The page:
Perhaps it's because drawing up long playlists of favourite songs is an inherently male thing to do that they tend to be a bit scant when it comes to female singers.
After all, has any woman ever had a boyfriend who didn't feel compelled to give her several volumes of songs so that she will understand his dark and complex soul all the better? And after hours of Marillion, Gerry Rafferty, Journey and, er, Judy Garland, you absolutely do. He's a crazy, suspended somewhere between GCSEs and bedsit land.
Just look at the 86 songs Danny Boyle has chosen for the opening ceremony of the Olympics. True, it's great to see Bowie, so missed from the Jubilee concert, getting a decent outing. Ditto, the Beatles, the Stones and Pink Floyd.
But where is the UK's greatest female singer songwriter of all time? Astonishingly and bewilderingly, there's not a single track from the sublime Kate Bush.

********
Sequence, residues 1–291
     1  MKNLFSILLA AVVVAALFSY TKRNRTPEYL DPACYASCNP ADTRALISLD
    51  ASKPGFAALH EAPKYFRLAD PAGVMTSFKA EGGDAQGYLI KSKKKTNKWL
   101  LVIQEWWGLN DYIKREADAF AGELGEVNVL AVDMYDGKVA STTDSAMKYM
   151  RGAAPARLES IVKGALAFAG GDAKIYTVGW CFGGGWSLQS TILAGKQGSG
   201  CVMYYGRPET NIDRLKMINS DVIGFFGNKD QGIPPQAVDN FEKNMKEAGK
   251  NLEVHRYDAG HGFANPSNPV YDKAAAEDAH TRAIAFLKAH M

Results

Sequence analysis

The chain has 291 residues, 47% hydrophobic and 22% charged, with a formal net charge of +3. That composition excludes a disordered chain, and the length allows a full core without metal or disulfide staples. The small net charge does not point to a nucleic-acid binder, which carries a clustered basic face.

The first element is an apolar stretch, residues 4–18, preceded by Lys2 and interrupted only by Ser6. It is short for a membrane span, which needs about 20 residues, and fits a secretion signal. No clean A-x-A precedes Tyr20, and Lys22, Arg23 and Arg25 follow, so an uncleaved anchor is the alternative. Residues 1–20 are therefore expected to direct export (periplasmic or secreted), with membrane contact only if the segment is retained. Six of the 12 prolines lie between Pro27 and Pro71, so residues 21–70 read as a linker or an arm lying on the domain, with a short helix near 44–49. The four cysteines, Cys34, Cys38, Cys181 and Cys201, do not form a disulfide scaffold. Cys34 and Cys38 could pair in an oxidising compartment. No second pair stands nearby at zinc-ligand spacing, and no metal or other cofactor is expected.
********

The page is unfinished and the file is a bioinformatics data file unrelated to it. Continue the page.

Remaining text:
Running Up That Hill would have been perfect, its pulsating understated frustration resounding around the stadium. Or what says 'here' more than the glorious eccentricity of Wuthering Heights, instantly recognisable from those first notes? Imagine if the beautiful orchestration of Cloudbusting - one of the happiest songs ever - suddenly filled the air? Or, as darkness descends, the guitar riffs of Rocket went shooting into the night?
This isn't a matter of personal taste. I'm not a huge Stones fan but can see why their omission would be absurd. It's just depressing that, at the Olympics of all things, the soundtrack has to be so macho, so thrashy, so offensive.
That the one female artiste who can easily stake her claim at the top end of British talent since the Sixties is 'forgotten' is unacceptable. I mean, Mud? Blue Monday? The Verve? Funny that Britain has managed to showcase one of its least savoury cultural traits on the global stage.
Step forward, Team UK. The Sexism Gold Medal is all yours.